Having read your latest blog, I would suggest you have a look at Byron Bay in Australia. Seems to fit all the criteria. Even a Steiner School (Waldorf). Perhaps the Internet may be too slow in Australia for business, but lots of businesses seem to manage here. And there is certainly everything organic and alternative, though some different brands from the US possibly. We use Intestamine made by BioCeuticals as an alternative to Mucosa Heal, for example.
    I guess it is just too far from friends and family?
    Best wishes,
    Penny Green

  • Hi Penny,

    That is amazing that you would suggest Byron Bay. We researched BB – particularly Mullumbimby extensively about 4 years ago and were all ready to make the move. Problem?

    We couldn’t get immigration. We even paid an immigration lawyer, but no go. If you own your own business, Australia wants you earn a LOT of money yearly, plus bring in a quarter million in cash.

    Now, my kids have developed such strong relationships with my Mum and Dad (who moved to White Rock 2 years ago) that I couldn’t move them that far away anyway.

    Great suggestion though! Maybe it will work for someone else reading this blog.

    take care,
    Jini

  • interesting little rant ……. what did you not like about Singapore, i was thinking of moving there ?

    i’ve lived in playa del carmen for a year and moved up to cancun for several reasons, the primary one being the burning garbage and general air pollution in playa is terrible. the whole area has a massive garbage and sewerage problem, since the tourism has grown at about 10 times the pace of the infrastructure. add in some local corruption and water, sewerage, garbage, utilities are all under funded.

    it can be fine for weeks at a time, but suddenly especially at night the smell of burning, often tainted with plastic is terrible. its usually gone by 7-8am, but what’s the point of living in the tropics if you have to sleep at night with all the windows closed and can’t wake up in the morning to a nice fresh sea breeze. the only solution i found was to move to a condo in the hotel zone, which is kind of offshore and away from the chaos, but when i go back to playa del carmen to visit friends i immedaitely notice the terrible air quality.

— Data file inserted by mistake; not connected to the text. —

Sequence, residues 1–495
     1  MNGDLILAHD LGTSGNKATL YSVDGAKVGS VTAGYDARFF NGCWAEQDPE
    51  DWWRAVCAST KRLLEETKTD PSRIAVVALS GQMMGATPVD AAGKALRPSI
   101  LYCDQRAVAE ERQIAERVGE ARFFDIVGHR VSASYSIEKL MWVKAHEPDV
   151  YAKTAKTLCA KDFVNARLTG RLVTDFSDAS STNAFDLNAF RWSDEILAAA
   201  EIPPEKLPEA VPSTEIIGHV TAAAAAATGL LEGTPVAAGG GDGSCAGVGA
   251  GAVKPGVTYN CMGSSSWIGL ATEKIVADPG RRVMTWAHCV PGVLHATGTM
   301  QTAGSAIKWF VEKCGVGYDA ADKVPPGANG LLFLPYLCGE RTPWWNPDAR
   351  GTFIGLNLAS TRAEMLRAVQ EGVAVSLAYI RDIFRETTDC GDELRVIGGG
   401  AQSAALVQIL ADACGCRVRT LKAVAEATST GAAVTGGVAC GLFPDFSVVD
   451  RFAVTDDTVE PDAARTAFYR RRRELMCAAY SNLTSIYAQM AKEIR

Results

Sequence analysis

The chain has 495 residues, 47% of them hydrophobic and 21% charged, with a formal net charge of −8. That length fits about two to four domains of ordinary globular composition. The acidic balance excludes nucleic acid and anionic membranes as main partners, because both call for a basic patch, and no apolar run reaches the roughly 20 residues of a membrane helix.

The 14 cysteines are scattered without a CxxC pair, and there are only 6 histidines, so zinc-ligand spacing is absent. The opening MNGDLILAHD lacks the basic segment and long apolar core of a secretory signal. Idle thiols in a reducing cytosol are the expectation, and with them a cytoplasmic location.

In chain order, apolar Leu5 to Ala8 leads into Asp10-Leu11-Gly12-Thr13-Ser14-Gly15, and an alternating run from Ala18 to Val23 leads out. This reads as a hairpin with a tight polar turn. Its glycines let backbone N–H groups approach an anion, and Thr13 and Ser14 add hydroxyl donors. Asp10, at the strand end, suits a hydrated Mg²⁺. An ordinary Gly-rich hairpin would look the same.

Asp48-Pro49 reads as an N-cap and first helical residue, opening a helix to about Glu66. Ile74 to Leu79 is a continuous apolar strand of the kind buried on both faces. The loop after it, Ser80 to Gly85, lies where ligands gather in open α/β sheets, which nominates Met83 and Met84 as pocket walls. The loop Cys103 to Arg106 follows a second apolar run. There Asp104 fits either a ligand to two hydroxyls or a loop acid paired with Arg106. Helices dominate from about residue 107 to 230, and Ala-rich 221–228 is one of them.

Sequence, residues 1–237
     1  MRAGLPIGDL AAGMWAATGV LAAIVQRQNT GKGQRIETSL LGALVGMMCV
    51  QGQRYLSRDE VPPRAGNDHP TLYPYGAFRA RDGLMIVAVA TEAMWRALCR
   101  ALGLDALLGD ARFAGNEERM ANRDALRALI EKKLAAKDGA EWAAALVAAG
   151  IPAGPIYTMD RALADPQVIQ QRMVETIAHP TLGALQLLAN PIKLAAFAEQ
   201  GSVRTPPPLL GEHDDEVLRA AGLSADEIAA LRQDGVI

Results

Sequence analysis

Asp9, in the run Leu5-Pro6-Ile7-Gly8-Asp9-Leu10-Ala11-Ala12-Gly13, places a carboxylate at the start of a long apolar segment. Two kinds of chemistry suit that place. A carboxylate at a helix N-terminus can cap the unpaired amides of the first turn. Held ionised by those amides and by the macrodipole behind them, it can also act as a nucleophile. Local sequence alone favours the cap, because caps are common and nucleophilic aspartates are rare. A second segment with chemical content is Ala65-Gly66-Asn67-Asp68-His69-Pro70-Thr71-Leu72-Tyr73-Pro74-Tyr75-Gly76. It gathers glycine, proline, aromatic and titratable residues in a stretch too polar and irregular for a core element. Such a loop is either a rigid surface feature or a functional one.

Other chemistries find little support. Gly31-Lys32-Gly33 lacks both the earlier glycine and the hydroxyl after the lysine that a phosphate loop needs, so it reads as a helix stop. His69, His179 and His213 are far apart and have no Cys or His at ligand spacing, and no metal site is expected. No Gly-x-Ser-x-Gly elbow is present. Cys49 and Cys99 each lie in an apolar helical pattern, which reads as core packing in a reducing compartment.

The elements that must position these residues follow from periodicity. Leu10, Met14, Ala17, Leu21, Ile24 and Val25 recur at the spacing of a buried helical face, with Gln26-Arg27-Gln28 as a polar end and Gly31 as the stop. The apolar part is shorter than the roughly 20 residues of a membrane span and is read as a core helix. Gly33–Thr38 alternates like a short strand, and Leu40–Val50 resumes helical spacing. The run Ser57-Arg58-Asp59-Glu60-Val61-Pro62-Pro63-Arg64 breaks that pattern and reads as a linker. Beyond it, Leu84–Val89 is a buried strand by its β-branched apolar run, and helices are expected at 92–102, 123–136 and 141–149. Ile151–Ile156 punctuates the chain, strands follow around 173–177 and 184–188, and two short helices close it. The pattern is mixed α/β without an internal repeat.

other problems in mexico are that in the end its more expensive that living in a major US, EU or Canadian city, since western standards cost western money. Sure you can live on less than $1000 a month, but if you want standards you are used to, you must pay for them and pay for them dearly, since those around you tend to see you as a cash cow with money to burn. The situation made worse by wealthy mexicans that really do have money to burn and like to show it. I’ve never seen people spend money like wealthy mexicans, $10,000 a month to rent a flashy condo, porsche cayenes for all the family, designer everything etc. etc.

    also in Maya area there is no power station, electricty is made with diesel generators, so per KwH, its more than twice the price of California… very costly to run AC in summer in a large condio can be $1000 a month or more, DSL internet also runs about twice the price and cell phones super expensive.

    the upside is you can have permanent servants for less than $500 a month, huge places to live, lavish lifestyle, but its not for the organic hippy types, especially ones that need a local walmart……

  • I just searched “flouride in water in Puerto Vallarta” and came across this post. I’m moving to PV in December and found your blog informative and amusing and I definately have the same thought process as you.
    I would like to know where you ended up living though as this post is very old. Thanks

  • “Part of the lure of a place in Mexico was the idea that we could live here for a fraction of what it would cost us in North America”
    –Mexico is a part of North America.